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Wines for warmer weather
Sauvignon blanc, pinot grigio, rosé, chardonnay make ideal pairings with lighter fare

Just as a fashionista switches from pointy-toed to open-toed at the sign of warm weather, the wine lover hides away (most of) her hearty reds in search of something lighter.

Wines just right for sipping on the veranda (even if only a mental one) are not only pleasing to the palate, but soothing to the mind.

The go-to warm-weather wines of California - sauvignon blanc, pinot grigio, rosé and chardonnay - typically offer the balanced acidity and low alcohol levels required to be refreshing on their own, or as a delightful pairing with lighter fare.

Pinot grigio, also called pinot gris, a varietal circuitously related to pinot noir, is a crisp, light white wine ideal with grilled vegetables, cheeses and assorted hors d'oeuvres, especially antipasto.

Beringer is making an estate pinot grigio for the first time.

"I wanted to make a California-style pinot grigio, loaded with fruit-salad characteristics, but also bright, crisp and refreshing," said winemaker Mary Sullivan.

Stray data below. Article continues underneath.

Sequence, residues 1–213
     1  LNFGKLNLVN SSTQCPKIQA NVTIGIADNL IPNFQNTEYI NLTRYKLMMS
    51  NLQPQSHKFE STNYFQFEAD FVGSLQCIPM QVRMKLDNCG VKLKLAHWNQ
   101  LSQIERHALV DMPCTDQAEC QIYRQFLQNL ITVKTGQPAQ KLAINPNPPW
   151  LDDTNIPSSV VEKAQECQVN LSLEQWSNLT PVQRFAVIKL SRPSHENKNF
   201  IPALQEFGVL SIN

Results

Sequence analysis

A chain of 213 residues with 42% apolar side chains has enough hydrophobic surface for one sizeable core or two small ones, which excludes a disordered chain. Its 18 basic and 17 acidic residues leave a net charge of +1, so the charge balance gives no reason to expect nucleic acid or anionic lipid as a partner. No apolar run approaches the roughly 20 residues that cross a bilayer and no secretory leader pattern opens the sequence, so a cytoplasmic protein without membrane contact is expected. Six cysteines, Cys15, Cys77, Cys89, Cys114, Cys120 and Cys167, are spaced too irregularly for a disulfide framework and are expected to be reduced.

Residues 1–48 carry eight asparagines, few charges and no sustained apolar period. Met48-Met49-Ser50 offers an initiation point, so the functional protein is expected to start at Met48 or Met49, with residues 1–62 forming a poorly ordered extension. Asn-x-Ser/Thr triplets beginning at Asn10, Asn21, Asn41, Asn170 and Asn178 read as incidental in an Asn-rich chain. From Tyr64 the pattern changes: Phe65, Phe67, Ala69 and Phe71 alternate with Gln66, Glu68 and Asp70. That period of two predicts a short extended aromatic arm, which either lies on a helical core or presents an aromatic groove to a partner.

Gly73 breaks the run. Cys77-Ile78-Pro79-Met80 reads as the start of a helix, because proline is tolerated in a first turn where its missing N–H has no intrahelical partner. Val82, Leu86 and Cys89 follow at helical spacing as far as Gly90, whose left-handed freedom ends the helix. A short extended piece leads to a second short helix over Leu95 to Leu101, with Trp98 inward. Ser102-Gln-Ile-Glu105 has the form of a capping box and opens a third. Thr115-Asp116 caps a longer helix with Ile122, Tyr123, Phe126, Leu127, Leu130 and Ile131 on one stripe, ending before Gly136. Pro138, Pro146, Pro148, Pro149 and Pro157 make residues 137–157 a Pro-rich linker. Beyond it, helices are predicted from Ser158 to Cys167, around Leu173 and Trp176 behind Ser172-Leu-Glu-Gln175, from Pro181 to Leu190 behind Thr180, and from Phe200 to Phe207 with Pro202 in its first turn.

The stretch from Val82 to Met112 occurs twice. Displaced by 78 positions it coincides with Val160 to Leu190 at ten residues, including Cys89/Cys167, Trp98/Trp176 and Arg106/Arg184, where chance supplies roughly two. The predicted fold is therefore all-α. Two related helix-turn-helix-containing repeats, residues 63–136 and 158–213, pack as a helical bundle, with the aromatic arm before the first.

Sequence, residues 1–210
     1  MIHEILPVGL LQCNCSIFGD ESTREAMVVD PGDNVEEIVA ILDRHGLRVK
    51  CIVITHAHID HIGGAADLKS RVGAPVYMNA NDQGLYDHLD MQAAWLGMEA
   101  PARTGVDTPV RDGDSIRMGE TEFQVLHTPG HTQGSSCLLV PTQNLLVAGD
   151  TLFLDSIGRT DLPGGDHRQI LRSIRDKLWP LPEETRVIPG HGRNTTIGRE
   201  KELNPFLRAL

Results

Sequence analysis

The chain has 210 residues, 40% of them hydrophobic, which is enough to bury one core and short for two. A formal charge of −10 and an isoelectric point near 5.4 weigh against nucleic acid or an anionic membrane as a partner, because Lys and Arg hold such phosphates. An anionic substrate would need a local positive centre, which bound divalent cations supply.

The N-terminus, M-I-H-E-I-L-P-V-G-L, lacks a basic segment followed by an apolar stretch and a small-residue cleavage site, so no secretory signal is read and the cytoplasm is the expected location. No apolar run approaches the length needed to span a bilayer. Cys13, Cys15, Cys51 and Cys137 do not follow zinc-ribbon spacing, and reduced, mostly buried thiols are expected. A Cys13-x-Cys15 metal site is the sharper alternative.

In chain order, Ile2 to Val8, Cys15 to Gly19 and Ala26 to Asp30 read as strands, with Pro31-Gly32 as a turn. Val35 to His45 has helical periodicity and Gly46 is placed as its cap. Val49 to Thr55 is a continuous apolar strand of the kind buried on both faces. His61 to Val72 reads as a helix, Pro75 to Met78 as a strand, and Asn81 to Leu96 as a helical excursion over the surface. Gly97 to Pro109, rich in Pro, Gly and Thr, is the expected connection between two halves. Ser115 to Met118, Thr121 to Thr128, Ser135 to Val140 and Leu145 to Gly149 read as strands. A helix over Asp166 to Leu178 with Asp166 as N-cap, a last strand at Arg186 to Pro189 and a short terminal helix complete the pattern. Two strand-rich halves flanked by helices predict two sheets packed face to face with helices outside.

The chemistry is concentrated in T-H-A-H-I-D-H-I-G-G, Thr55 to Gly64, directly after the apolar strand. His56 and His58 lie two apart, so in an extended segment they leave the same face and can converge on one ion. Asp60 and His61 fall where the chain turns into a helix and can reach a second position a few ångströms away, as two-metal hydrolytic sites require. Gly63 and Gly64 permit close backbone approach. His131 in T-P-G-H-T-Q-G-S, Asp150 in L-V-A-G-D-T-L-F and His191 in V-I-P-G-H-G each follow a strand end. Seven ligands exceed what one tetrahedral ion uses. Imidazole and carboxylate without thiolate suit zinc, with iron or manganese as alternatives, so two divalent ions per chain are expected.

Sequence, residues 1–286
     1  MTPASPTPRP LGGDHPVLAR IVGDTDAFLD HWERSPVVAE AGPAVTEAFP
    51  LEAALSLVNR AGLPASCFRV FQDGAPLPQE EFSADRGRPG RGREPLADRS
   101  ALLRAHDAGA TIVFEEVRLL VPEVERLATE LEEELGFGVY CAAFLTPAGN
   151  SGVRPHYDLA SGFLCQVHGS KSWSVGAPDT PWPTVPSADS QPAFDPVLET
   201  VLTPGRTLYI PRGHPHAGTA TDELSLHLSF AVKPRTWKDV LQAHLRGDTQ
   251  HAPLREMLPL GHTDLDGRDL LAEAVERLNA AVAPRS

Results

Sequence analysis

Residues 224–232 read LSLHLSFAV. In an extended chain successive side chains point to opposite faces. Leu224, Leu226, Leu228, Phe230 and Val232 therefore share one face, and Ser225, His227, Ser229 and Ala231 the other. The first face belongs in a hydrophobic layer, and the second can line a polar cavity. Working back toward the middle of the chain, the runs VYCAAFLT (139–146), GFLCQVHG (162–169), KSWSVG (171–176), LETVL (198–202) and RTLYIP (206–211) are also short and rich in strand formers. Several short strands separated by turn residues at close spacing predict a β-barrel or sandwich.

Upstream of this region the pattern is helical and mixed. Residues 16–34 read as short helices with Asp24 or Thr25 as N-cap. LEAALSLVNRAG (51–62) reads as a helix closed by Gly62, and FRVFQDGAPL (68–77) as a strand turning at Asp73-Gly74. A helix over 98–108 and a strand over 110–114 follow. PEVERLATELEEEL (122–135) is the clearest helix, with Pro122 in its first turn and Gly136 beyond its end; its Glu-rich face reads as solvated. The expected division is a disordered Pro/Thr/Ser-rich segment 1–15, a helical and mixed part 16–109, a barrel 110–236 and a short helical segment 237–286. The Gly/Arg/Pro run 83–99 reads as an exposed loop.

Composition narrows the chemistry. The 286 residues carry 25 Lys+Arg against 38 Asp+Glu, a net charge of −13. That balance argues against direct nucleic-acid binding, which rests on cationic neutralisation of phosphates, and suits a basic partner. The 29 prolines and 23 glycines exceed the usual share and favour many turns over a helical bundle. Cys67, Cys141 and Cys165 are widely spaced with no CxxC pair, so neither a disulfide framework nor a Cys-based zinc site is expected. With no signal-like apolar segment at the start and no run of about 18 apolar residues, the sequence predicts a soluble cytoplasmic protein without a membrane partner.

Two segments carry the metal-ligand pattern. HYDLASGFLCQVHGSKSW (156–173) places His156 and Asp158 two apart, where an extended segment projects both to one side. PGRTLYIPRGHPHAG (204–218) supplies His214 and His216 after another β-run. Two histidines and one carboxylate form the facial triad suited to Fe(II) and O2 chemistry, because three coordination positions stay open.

"When I pick up a glass, I am immediately drawn to the passion fruit and jasmine aromas, followed with wonderful honeydew, grapefruit and kiwi flavors."

Fruity rosés have long dominated in the sunnier regions of France, particularly the southern Rhone and into Provence, where a seafood dish wouldn't be complete without a glass or two.

Unlike most hot-weather wines, rosés (rosatos in Italy) are made from red wine grapes, but end up taking on a pinkish hue when the juice is pressed off or "bled" away from the skins before much of the red color is soaked in.

California is becoming a startlingly good place for rosé these days, made by a range of producers from a range of grape varietals (merlot and sangiovese are popular) in a range of reddish colors.

Certain producers are committed enough to rosé to have formed a group - RAP, the Rosé Avengers and Producers - whose goal it is to "right the wrongs done to dry rosé." The wrongs include overly sweet "blush" or "pink" wines that have long given rosé a bad name.

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